To counter the gray day, color invaded my desk.
What perks up your day?
Now that the year is over, a brief recap is in order. I had hoped to adopt a canine companion, but finding a rescue that wouldn’t trigger allergies proved illusive. However, my collection of tools expanded with some new favorites.
A big thank you to Exaclair, Stillman & Birn, Luxury Brands USA, Jet Pens, and Paper for Fountain Pens for sending so many wonderful products to enjoy and review. Without your generosity, Inkophile couldn’t exist.
After following Mia’s work in a Hobonichi this past year, is it any wonder this journal topped my list for 2015? The Tomoe River paper is delightful and the layout and covers are attractive and well-made. The largest version is in the right range for my wide nibs and would still leave enough room for doodles and ink swatches. Unfortunately, the Hobonichi is not in my budget.
There are stores that sell Tomoe River paper in journals, but not in the grid format with which I want to experiment this next year. Paper For Fountain Pens, Nanami Seven Seas and Jet Pens have lined and blank paper if that might work for you. Jet Pens sent some blank sheets that I might put together for an ink journal once my Clairefontaine is full.
Uncertain what to use for a daily journal, I put aside the decision for another day and decided to look for a Noodler’s ink to write holiday notes. It was rather dark in my office so I used a flashlight to see the back of the bottom shelf and look what I found.
Two Miquelrius grid notebooks! They lack the cachet of Tomoe River, but they have a ton of pages and are very fountain pen friendly. These journals are too heavy to carry around so that is one drawback. Otherwise, they will do. And the budget nanny is pleased indeed.
The Pilot Preras look and work especially well with the red cover and white paper. The images tell the tale.
My nibs and handwriting are large so the 0.8mm line spacing works fine though it might be a bit generous for some writers. When I wrote with extra-fine nibs and much smaller handwriting, I could write two lines in that space. Needless to say I got my money’s worth out of a notebook back then. I’m more of a paper snob these days and Clairefontaine’s smooth finish is just right for my stub and sharp italic nibs.
Easily one of the best notebooks on the market for FP nuts, the 1951 won’t disappoint. Want to give it a try? Clairefontaine’s U.S. distributor Exaclair is sponsoring a giveaway through An Inkophile’s Blog. Cool, eh? To enter simply post a comment below about how you would use a 1951 notebook and which color strikes your fancy. Please include your email address in the comment form so that I can contact you if you are the winner. This giveaway is open to residents of the U.S. only. The winner will be selected via Random.org. The contest closes at 6 pm PDT on March 17, 2014. The winner will be announced thereafter and will have until March 24, 2014 to claim the prize.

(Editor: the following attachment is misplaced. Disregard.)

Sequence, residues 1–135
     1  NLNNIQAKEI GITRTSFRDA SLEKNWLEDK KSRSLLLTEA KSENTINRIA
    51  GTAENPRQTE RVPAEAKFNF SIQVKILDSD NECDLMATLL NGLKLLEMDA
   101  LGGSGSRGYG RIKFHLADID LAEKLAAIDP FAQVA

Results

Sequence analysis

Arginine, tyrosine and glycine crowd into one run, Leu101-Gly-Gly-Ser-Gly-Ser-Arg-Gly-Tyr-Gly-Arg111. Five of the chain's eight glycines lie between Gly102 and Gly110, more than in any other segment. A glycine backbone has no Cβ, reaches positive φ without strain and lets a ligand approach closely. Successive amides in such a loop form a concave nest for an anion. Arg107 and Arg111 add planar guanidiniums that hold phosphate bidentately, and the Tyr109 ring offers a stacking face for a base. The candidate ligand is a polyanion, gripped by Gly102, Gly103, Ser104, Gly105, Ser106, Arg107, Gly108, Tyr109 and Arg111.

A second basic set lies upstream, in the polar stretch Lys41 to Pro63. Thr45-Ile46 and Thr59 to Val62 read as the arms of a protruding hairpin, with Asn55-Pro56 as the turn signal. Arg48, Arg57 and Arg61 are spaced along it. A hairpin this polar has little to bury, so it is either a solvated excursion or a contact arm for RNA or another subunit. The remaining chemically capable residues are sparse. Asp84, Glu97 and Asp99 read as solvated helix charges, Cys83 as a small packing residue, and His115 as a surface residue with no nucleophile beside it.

Comments are moderated to eliminate spam, so allow time for that step. Only one entry per person and duplicate postings will be removed.
My thanks to Karen at Exaclair for sending the 1951 to review and for sponsoring a giveaway. Let the contest begin!
Finding the perfect ink just got a whole lot easier with the release of Platinum’s Mix Free set. Make a simple blend of two colors or go all mad scientist and whip up a complex brew with this chemistry set for inkophiles.
Knowing my penchant for ink, samples arrived two days ago, a gift from The Pear Tree Pen Company. Nine colors, reducer fluid, empty vials, syringe, plus an empty ink bottle to house my signature ink is a lot to review so this product’s tale will get told in stages.
One major caveat before you view my images. The color reproduction is not as accurate as it should be. The ink’s real colors are clear and lively if not vivid. Gentian’s images show that well. Even the image from Platinum in which the bottles are pictured is more true for the base colors than mine. On my monitor the Platinum color chart is less accurate but you would be mixing those colors to your specifications anyway.
Bowing to Gentian for color representation, what remains is how well these inks stand up to use. While each ink is slightly different in performance, none should disappoint unless you have a pen with special needs. Flow and lubrication are average so a very dry writer may not be a great match. In this respect I found Mix Free to be similar to other Platinum inks.
There was no bleed-through or show-through on either Rhodia or Clairefontaine paper. However, there was feathering on Moleskine and to a lesser degree on cheap paper and envelopes. Coverage is good with some degree of shading but no outlining. The images tell the tale.
Except for the samples written with a True Writer, all other writing was done with a dip pen. The Brause has become a particular favorite and will most likely find its way into future reviews.
Can’t wait to create new colors? Check out the Platinum Mix Free Ink Recipes at FPN. AltecGreen jumped right in with a huge selection. There are even some images of what the reducer/dilution fluid can do. Just the right stuff for an inkophile.